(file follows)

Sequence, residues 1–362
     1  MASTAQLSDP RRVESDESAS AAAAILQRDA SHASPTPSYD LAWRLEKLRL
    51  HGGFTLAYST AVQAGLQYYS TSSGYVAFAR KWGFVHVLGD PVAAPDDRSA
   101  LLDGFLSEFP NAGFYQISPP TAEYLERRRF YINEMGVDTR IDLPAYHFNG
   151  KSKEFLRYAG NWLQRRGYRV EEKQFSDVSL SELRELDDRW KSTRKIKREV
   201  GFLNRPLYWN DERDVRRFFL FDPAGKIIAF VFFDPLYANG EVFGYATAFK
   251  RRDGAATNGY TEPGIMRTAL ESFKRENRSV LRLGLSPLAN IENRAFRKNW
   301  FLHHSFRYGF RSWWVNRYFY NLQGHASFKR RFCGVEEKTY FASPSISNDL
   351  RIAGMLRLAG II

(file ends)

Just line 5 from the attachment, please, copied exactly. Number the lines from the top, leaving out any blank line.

   151  KSKEFLRYAG NWLQRRGYRV EEKQFSDVSL SELRELDDRW KSTRKIKREV